Ilgoo Kang, Diaz, Rodrigo
Ilgoo Kang and Rodrigo Diaz
Neothlipsis parysae is a small parasitoid wasp discovered in Louisiana during 2006. It was discovered during water lettuce moth (Samea multiplicalis) surveys conducted by researchers in the LSU AgCenter Department of Entomology. The wasps were reared from caterpillars of the water lettuce moth. This wasp was a new species to science and was named after a graduate student, Dr. Katherine Parys, who discovered it.
The adult members of the wasp species are about one-seventh of an inch (3.5 mm) in length, with a black head and thorax. The abdomen is mostly black, with an orange patch around the midpoint. Adult wasps have slightly yellow-tinged, clear wings. Males and females are similar except for leg coloration. Compared to males, females have more orange on the legs. In addition, the females have a long egg-laying organ (ovipositor) that looks like a stinger. The length of the egg-laying organ is slightly shorter than the female’s body. The wasps are not capable of stinging humans.
The water lettuce moth braconid wasp is active mainly from May to September in Louisiana. Members of the species possess a narrow host range, similar to other members of the subfamily Agathidinae, and only parasitize water lettuce moths. The female wasp deposits a single egg into a first-stage water lettuce moth caterpillar. After hatching, the wasp larva feeds on the internal organs of the caterpillar and grows. When the caterpillar reaches maturity during its final growth stage, the wasp larva exits the body of the caterpillar in the pre-pupal stage (a nonfeeding stage immediately prior to pupation), and the caterpillar dies. The wasp larva spins a cocoon that can be seen outside of the caterpillar. After a period of time that depends on temperature, an adult wasp emerges from the pupa.
The water lettuce moth was discovered and described in Brazil during 1864. The current distribution of the moth includes the southeastern U.S. and extends to Argentina in South America. The water lettuce moth braconid wasp was initially documented in Ascension Parish, Louisiana, and Hopkins County, Kentucky. Other members of the genus Neothlipsis, are found in North America and South America.
Moth caterpillars and their wasp parasitoids may be considered beneficial or harmful insects, depending on human perspectives. Many moth caterpillars are insect pests in agriculture, and their wasp parasitoids are beneficial natural control agents. However, water lettuce moth caterpillars are considered natural enemies of water lettuce, giant salvinia and water hyacinth, all of which are invasive aquatic weeds in ponds and lakes in Louisiana. Based on previous research and field observations by researchers at LSU, the moth caterpillars can be effective in managing local stands of water lettuce and giant salvinia. In this scenario, this wasp can be considered a pest if they reduce the density of caterpillars enough to promote excessive growth of these aquatic weeds.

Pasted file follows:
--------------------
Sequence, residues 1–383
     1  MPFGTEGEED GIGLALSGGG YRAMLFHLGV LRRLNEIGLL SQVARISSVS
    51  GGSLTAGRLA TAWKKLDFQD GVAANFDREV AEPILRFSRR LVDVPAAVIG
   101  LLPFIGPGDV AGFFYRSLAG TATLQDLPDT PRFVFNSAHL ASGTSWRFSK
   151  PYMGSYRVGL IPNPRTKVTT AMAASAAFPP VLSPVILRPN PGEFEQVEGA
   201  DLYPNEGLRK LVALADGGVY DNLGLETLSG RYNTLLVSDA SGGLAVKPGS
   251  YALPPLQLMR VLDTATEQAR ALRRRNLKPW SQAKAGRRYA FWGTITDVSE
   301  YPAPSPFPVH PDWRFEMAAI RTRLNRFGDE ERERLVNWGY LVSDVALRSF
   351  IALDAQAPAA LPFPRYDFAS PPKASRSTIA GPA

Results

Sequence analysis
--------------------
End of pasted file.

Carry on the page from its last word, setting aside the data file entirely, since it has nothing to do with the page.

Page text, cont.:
From another perspective, the wasp can be beneficial if the water lettuce moth caterpillars are considered pests. For example, salvinia weevils (Cyrtobagous salviniae) are effective biological control agents of giant salvinia in many tropical and subtropical regions of the world. Because of its effectiveness against this weed, the weevils are mass-reared in ponds in Louisiana. In these ponds, damage by the water lettuce moth caterpillars may be detrimental because of the reduction of plant biomass available to the salvinia weevils. In fact, pond managers sometimes spray biological insecticides specific to caterpillars (Bacillus thuringiensis). In this situation, the water lettuce moth braconid may be considered a beneficial insect species. Further studies are needed to understand the effectiveness of the braconid to control the caterpillars and assess their impacts in artificial culture situations.
Guenée, M. A. 1854. Deltoïdes et Pyralites. In: Boisduval, J.A. and Guenée, M.A. ed. Histoire Naturelle des Insects. Species Général des Lépidoptéres. Roret: Paris pp. 1–448.
Julien, M. H., and A. S. Bourne. 1988. Effects of leaf-feeding by larvae of the moth Samea multiplicalis (Guenée) (Lep., Pyralidae) on the floating weed Salvinia molesta. Journal of Applied Entomology 106: 518–526.
Sands, D. P. A., and R. C. Kassulke. 1984. Samea multiplicalis (Lep.: Pyralidae), for biological control of two water weeds, Salvinia molesta and Pistia stratiotes. Australian Entomophaga 29: 267–273.
Sharkey, M. J., K. A. Parys, and S. Clutts. 2011. A new genus of Agathidinae with the description of a new species parasitic on Samea multiplicalis (Guenée). Journal of Hymenoptera Research 23: 43–53.
Thorp, J.H., and D. C. Rogers. 2014. Thorp and Covich’s freshwater invertebrates: ecology and general biology (Vol. 1). Elsevier.
Wang Y., S. S. Brown, and R. Diaz. 2015. Water Lettuce Moth. Bug Biz Series, LSU AgCenter Publication, Louisiana State University.
For advice about arthropod identification or diagnosis, contact the LSU AgCenter Department of Entomology. Reach the department through the Contact Us webpage:
Figure 1a: Lateral view of the Neothlipsis parysae, adult female, Sharkey et al. 2011.
Figure 1b: Dorsal view of the Neothlipsis parysae, adult female, Sharkey et al. 2011.
Figure 2a: Transparent cocoon spun by the water lettuce moth caterpillar.
Figure 2b: Pupa of the water lettuce moth not covered by a cocoon.
Figure 2c: Adult water lettuce moth.
Figure 3: Giant salvinia damaged by water lettuce moth.